Review: Kung Fu Panda 2 (2011)

Synopsis: Po (Jack Black) the chop-sockey panda, returns for a new adventure, this time taking on evil Lord Shen (Oldman): a formidable enemy with a nasty secret weapon. Po is joined by his old buddies – Tigress (Angelina Jolie), Crane (David Cross), Mantis (Seth Rogen), Viper (Lucy Liu) and Monkey (Jackie Chan) – to protect the Valley of Peace.

Kung Fu Panda 2, the sequel to Dreamworks Animations’ heavily buzzed about Kung Fu Panda, is a wondrous equal to its perfectly enjoyable predecessor – if not slightly more sophisticated and well-rounded. The comedy, story and voice-work have all been upped in an attempt to combat sequel fatigue and, to the films merit, everyone pulls it off in a charmingly buoyant manner.

The script, penned by returning screenwriters Glenn Berger and Jonathan Aibel, is wonderfully paced, and a marked improvement on the original. Not only are Berger and Aibel able to strike the perfect balance between Po and the Furious Five’s quest to stop Lord Shen’s and Po’s heartbreaking discovery of his adoption, but they heighten the enjoyment factor with lampoonery, exhilarating action and the inclusion of an inspired kung fu-esque score by John Powell and Hans Zimmer. It’s not an easy task to alternate between the heaviness of characters lost childhood and spritely adventure, but Kung Fu Panda hits the nail on the head, exquisitely weaving the two strands together in a near seamless manner.

Director Jennifer Yuh Nelson oversees with a keen eye and indisputable zing that ensures Kung Fu Panda 2 preserves the marvellous spark and sheer gaiety that made the original so popular. A snappy pace and scenes that are choreographed with a distinct level of creativity – most notably the anime-infused flashback scenes revealing Po’s psychologically disturbed childhood and the hilarious Pac Man-esque chase sequence through Gongmen city – wholly infuse the film with an overarching fun disposition, and ensure the animation is as visually interesting and detailed as physically possible. The fact that Guillermo Del Toro acted as creative consultant shines through and indicates how dedicated Dreamworks Animation were to making a worthy sequel.

The film might boast first-rate animation and a refined script, but it’s the star-spangled voice-work that makes each and every madcap character stand out from the crowd and feel as integral as the last that is the films true prize. Black, in particular, gives a top-notch as the burgeoning Po, and is the ultimate heart and soul of the film. His personality has become so suffused with that of Po’s that it’s hard to think of them as two separate entities. Hoffman, Jolie and Rogen stand out amongst the supporting cast, each injecting the necessary laughs, thrills and enterprise into their roles.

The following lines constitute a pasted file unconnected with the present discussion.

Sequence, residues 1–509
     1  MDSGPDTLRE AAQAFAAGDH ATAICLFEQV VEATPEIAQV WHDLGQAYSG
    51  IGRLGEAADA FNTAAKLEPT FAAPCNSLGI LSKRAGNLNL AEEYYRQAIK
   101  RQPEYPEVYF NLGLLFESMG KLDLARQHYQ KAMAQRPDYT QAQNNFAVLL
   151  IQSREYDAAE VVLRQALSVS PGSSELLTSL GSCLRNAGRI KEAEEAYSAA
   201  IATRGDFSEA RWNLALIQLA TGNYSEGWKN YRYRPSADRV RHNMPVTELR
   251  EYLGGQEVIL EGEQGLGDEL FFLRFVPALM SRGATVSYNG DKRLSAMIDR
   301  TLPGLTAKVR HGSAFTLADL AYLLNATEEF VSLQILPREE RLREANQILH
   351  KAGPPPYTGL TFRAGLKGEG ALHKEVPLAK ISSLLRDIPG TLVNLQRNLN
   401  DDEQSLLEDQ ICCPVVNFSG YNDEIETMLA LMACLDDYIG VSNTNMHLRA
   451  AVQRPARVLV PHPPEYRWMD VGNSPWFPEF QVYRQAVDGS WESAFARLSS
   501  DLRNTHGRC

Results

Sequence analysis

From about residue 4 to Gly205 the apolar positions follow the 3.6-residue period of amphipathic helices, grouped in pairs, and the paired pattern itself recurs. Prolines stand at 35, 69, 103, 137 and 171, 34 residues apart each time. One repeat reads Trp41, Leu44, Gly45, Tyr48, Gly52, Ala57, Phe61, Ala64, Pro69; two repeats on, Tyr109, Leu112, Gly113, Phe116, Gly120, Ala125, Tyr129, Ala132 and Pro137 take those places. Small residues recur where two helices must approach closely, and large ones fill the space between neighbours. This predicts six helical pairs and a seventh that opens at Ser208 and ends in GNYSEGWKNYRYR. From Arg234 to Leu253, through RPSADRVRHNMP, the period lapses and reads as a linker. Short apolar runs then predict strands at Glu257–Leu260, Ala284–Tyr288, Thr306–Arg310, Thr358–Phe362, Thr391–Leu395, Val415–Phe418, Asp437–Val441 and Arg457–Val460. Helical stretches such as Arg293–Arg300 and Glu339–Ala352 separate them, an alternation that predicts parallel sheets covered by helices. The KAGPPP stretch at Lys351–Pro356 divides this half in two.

It is, however, the new additions that steal the film. Oldman delivers a necessarily, and utterly convincingly level of menace as Lord Shen, while Yeoh and – try not to laugh – even Jean Claude Van Damme fit perfectly in their roles as Soothsayer and Master Croc, proving their worth as befitting additions to the already bountifully capable cast.

Kung Fu Panda 2 works not only as marvellous family entertainment, but also as an innovative and fervid animation spectacle, intercut with heartwarming revelations, thrilling action, skilful comedy, superlative voice-work, and a soaring soundtrack to boot. It’s a film for all ages, and one that unquestionably deserves to be cherished and enjoyed as much, if not more, than the first.

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Review: Rio (2011)

Rio is the latest animation film from Blue Sky Studios, and features the voice talents of Jesse Eisenberg, Anne Hathaway, George Lopez, Jemaine Clement, Leslie Mann and Jamie Foxx.

The film centers on Blu (Jesse Eisenberg), a domesticated macaw from small-town Minnesota, who, when he meets the fiercely independent Jewel (Anne Hathaway), takes off on an adventure to Rio de Janeiro with this bird of his dreams.

The peppy, action-packed and convivial screenplay – aside from struggling to sustain the party atmosphere to the end, and falling foul to the well-trodden romantic chase caper, and the trademark slapstick gags – combines charm, thrills, laughs and romance to admirable, sweet avail. It’s not overly complicated, and may feel a tad strained at times, but the approach is sharp enough to keep you entertained throughout.

The characters, including the humans, are under-developed and, no matter how top-notch the voice acting is, the dialogue feels too conventional and flaky to capture audiences attention like other, braver, animation films.

There is, however, one exception. Clement, who voices Nigel, a red-eyed cockatoo, steals every scene he’s in, even delivering a hilarious yet equally fearsome performance as the central villain.

In a technical sense, Rio is simply exquisite, with director Carlos Saldanha ensuring every scene twinkles with a remarkably high level of attention-to-detail. The 3D is crisp, richly attained with a tremendous depth of field, accentuating the glorious, picturesque scenery and wonderfully buoyant animation, and never feeling unnecessary.

The music, ranging from John Powell’s score to original songs by Taio Cruz and will.i.am, was tempestuous, but not always as soaring as you’d expect.

Rio may not be hugely original, and certainly has its share of flaws, but it has a refreshingly light, entertaining feel to it that, in addition to the superb animation and energetic voice acting, should leave you beaming from cheek to cheek.